1. The order in which information is received
2. The association and independence of characteristics or attributes (e.g., traits)
Some early work by Asch:
Look at List A: This person is
Using this list, Asch found that it produces an impression of an able person who possesses certain shortcomings, which are not serious enough to overshadow person's merits.
Look at List B. This person is:
Using this list, Asch found that it produces an impression of a person who is a problem and whose abilities are hampered by his serious difficulties
Guess what? Two lists are identical! But, presenting traits in a different order had marked influence on the impression formed of the person.
Person rated as more extraverted (10.4) than introverted (6.4)
Person rated as less extraverted (10.0) than introverted (12.1)
(List C)warm VERSUS cold (List D)
generous,wise, happy, reliable, important, good-natured, polite?
Social Cognition Defined:
Topics studied in social cognition:
Schemas and prototypes
Potential sources of error
Relationship between affect and cognition
These are all really abstract concepts, but have very real consequences!
Schemas and prototypes
Mental frameworks containing information relevant to specific situations or events. (restaurants; funerals; going on a date; taking a test).
Formally defined: "...a cognitive structure that represents knowledge about a concept or type of stimulus, including its attributes and the relations among those attributes" (Fiske & Taylor, 1986, p. 98)
Example from Fiske & Taylor: Nancy vs. Jack (to be read to students by Tamara)
Substituting Jack for Nancy (including their roles) leads us to make use of our prior knowledge (schemas) about sexual harassment or college sports; guides how we turn the story into a coherent one; helps us fill in gaps; helps us remember story. The schemas we apply changes completely the meaning we attribute to
nature of the doctor's sympathetic reactions
reasons for fidgeting
motivation for speaking to professor
Once established, they help us interpret these situations and what's happening in them.
Can be a form of cognitive "short hand"
Mental models of the typical qualities of members of some group or category (fraternity members; professors; musicians)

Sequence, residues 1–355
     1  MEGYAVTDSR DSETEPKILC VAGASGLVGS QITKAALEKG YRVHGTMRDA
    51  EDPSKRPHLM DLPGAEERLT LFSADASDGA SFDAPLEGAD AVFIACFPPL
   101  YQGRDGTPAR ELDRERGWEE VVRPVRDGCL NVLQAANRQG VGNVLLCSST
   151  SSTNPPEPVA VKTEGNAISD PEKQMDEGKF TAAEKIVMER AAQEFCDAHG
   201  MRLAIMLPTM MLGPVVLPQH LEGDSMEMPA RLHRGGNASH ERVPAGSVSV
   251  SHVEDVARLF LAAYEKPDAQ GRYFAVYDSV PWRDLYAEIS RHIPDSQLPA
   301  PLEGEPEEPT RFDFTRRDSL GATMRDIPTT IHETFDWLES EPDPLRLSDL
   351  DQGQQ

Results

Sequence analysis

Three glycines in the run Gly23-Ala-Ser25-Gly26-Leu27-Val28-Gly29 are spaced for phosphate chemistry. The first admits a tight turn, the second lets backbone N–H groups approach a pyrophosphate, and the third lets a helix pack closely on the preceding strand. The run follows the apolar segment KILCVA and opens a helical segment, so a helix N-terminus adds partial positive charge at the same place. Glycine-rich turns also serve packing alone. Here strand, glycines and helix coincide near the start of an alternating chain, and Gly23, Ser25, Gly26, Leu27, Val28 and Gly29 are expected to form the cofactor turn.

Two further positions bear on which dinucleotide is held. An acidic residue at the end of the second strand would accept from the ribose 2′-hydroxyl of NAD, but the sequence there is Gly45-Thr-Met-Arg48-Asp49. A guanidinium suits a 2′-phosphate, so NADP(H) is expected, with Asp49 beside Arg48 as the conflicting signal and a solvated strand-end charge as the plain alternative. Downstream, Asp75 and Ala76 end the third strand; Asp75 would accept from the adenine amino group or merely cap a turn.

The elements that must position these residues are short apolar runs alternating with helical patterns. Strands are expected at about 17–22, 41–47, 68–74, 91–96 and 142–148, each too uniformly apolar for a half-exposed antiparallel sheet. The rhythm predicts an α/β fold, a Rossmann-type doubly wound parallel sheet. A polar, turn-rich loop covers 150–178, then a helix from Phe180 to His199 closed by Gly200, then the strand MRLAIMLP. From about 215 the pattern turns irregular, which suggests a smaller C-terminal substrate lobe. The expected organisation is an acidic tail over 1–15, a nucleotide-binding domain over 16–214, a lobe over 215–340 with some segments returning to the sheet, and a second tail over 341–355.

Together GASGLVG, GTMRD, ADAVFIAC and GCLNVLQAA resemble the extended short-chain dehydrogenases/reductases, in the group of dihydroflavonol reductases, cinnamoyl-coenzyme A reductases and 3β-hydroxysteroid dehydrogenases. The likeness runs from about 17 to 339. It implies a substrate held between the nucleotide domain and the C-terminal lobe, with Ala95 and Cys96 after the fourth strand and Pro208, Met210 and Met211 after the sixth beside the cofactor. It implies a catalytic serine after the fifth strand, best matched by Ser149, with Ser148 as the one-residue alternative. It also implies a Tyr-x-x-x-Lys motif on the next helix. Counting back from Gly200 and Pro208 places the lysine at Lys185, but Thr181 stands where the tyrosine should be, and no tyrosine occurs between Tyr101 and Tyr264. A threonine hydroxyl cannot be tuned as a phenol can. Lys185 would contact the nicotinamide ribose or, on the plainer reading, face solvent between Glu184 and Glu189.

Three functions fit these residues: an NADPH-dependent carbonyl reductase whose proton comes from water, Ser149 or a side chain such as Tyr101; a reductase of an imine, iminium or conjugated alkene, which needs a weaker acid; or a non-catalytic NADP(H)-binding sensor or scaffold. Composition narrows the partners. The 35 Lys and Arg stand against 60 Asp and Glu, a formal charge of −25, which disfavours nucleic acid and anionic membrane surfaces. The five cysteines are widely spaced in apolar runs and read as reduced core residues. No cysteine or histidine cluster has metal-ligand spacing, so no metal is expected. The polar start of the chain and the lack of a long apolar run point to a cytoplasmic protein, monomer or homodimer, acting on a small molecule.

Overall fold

Think of the most typical or prototypical instance of "a game." Now, think of other examples games that are games but aren't such typical examples. Idea is: We categorize events, activities, people, etc. with the prototypical features in mind, looking to see whether a new instance fits the category (e.g., of games) by evaluating how similar it is to the prototype.
Mental framework suggesting that certain traits and behaviors go together, and that persons possessing those characteristics form a certain type (think of Asch).
Mental framework containing information about how persons playing specific roles generally act, and what they are like (salesperson)
Scripts (Event schemas)
Mental frameworks for specific situations about what is expected to happen in a given setting
All types of schemas provide us with a cognitive scaffolding
Once established they save us a great deal of mental effort
We have them because we are cognitive misers.
They impact what we attend to
We are likely to notice information/ events that are inconsistent with schema. It stands out to us.
Restaurant: no table setting; no salt/pepper; no menu ....
Effects on encoding of incoming information
Information consistent with well-formed schemas is easier to encode
When schemas are first being developed, inconsistent information is more readily noticed and encoded
First day in a foreign restaurant: have to sit on the floor and eat with your hands. You'll notice this and probably store it in your memory as exceptions to your restaurant schema!
Tendency seems to stem from the fact that unexpected or inconsistent information is surprising and we need to work harder to understand it (Srull & Weyer, 1989)
Effects on retrieval of encoding information
If we activate a schema (by priming it), the schema influences what information we retrieve from memory
What is priming? It is the effect of "prior context" on how we interpret incoming information.
I want you to imagine that you are on vacation at the beach. The water is warm as it laps up against your legs and seems to glide effortlessly as it ebbs and flows from the sand out to the horizon and back again............... (l.d.)
We generally remember information that is part of schema or consistent with schema (shades of S. Bem: females remembered more weight-relevant words when they were weight-schematic)
Growing evidence that the more favorable our prototype of a social category or group, and the more similar we see ourselves to being like the prototype, the more likely we are to behave like those people
Gibbons, Gerrard, & McCoy (1995):
study of teenagers' prototypes of
teenager girls who get pregnant and
boys who get them pregnant
Heuristics are rules that allow us to make social judgments rapidly with reduced cognitive effort
Provides an organizing system to reduce the complexities of observable data
Help us avoid information overload
Usually they lead to sound judgments
Sometimes they lead us to make errors
Tendency to base judgments on extent to which current stimulus or situation resemble other stimuli or categories